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1.
BMJ Open ; 12(12):e065112, 2022.
Article in English | PubMed | ID: covidwho-2193785

ABSTRACT

OBJECTIVE: Patients with advanced chronic kidney disease (CKD) or kidney failure receiving replacement therapy (KFRT) are highly vulnerable to COVID-19 infection, morbidity and mortality. Vaccination is effective, but access differs around the world. We aimed to ascertain the availability, readiness and prioritisation of COVID-19 vaccines for this group of patients globally. SETTING AND PARTICIPANTS: Collaborators from the International Society of Nephrology (ISN), Dialysis Outcomes and Practice Patterns Study and ISN-Global Kidney Health Atlas developed an online survey that was administered electronically to key nephrology leaders in 174 countries between 2 July and 4 August 2021. RESULTS: Survey responses were received from 99 of 174 countries from all 10 ISN regions, among which 88/174 (50%) were complete. At least one vaccine was available in 96/99 (97%) countries. In 71% of the countries surveyed, patients on dialysis were prioritised for vaccination, followed by patients living with a kidney transplant (KT) (62%) and stage 4/5 CKD (51%). Healthcare workers were the most common high priority group for vaccination. At least 50% of patients receiving in-centre haemodialysis, peritoneal dialysis or KT were estimated to have completed vaccination at the time of the survey in 55%, 64% and 51% of countries, respectively. At least 50% of patients in all three patient groups had been vaccinated in >70% of high-income countries and in 100% of respondent countries in Western Europe.The most common barriers to vaccination of patients were vaccine hesitancy (74%), vaccine shortages (61%) and mass vaccine distribution challenges (48%). These were reported more in low-income and lower middle-income countries compared with high-income countries. CONCLUSION: Patients with advanced CKD or KFRT were prioritised in COVID-19 vaccination in most countries. Multiple barriers led to substantial variability in the successful achievement of COVID-19 vaccination across the world, with high-income countries achieving the most access and success.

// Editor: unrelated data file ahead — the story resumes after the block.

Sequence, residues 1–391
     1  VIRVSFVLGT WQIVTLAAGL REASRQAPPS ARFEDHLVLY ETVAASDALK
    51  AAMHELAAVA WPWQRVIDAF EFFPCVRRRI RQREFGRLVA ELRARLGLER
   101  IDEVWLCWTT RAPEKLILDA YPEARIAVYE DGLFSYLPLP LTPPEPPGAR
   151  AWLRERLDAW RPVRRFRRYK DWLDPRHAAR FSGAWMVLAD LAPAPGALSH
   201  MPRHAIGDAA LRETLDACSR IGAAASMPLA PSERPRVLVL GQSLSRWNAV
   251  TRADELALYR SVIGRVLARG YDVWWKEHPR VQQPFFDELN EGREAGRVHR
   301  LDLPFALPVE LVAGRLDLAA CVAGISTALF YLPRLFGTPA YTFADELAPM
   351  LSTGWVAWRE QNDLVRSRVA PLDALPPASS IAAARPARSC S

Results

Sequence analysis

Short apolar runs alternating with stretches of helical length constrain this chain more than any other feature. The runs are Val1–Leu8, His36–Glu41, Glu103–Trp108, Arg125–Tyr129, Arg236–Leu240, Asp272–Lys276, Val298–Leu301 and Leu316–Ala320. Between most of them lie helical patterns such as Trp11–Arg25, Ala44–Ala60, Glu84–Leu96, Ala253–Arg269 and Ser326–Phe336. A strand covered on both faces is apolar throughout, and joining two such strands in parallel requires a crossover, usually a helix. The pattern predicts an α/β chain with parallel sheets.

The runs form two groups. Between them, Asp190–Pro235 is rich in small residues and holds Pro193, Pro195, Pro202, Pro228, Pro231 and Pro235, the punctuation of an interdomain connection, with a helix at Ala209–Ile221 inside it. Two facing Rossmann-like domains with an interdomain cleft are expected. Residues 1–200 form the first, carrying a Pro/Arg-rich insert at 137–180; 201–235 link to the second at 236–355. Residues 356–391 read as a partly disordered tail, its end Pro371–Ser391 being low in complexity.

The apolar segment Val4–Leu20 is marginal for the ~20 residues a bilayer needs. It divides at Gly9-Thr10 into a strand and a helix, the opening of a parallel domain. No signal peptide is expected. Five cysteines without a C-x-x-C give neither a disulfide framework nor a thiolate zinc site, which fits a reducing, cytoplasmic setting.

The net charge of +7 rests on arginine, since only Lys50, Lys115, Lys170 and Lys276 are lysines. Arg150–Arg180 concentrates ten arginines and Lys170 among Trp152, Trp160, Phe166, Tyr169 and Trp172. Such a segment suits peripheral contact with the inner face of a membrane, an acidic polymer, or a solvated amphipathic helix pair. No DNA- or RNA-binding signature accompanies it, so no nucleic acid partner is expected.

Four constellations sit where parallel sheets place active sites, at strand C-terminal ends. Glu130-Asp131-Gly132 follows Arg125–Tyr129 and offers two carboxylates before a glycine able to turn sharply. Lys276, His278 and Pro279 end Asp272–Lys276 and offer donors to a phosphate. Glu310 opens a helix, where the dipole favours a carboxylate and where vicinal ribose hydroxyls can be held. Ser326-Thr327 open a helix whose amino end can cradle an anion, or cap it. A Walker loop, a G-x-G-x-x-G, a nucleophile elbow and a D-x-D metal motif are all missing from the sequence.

5.
Journal of the American Society of Nephrology ; 32:87-88, 2021.
Article in English | EMBASE | ID: covidwho-1490194

ABSTRACT

Background: Patients receiving chronic hemodialysis (HD) are highly vulnerable in all settings. It is unknown whether the COVID-19 pandemic has disproportionately affected the care of chronic HD patients in low (LIC) and low-middle income (LMIC) settings. This survey aimed to identify global challenges and inequities in HD care delivery during the COVID-19 pandemic. Methods: The Dialysis Outcomes and Practice Patterns Study (DOPPS) and the International Society of Nephrology (ISN) conducted a global online survey of HD units (HDU). Sample HDUs included DOPPS sites in China, a random sample stratified by region and HDU population, and an open invitation via ISN's membership list. The survey assessed availability of COVID-19 diagnostics and personal protective equipment, the impact of COVID-19 on HD delivery and patient outcomes from COVID-19. Responses were stratified by country income according to World Bank classification. Results: Responses were received from 412 HDUs across 78 countries (Table 1). Conclusions: Striking global inequities were identified in access to COVID-19 diagnostics, infection prevention, and access to routine HD care during the pandemic. Higher apparent mortality in patients on chronic HD in LICs and LMICs is likely multifactorial, reflecting poorer access to the diagnosis and care of COVID-19, as well as greater disruptions to HD delivery. Urgent action is required to address these inequities, which disproportionately affect low-income settings, exacerbate pre-existing vulnerabilities and lead to worse outcomes.

6.
Journal of the American Society of Nephrology ; 32:81, 2021.
Article in English | EMBASE | ID: covidwho-1489341

ABSTRACT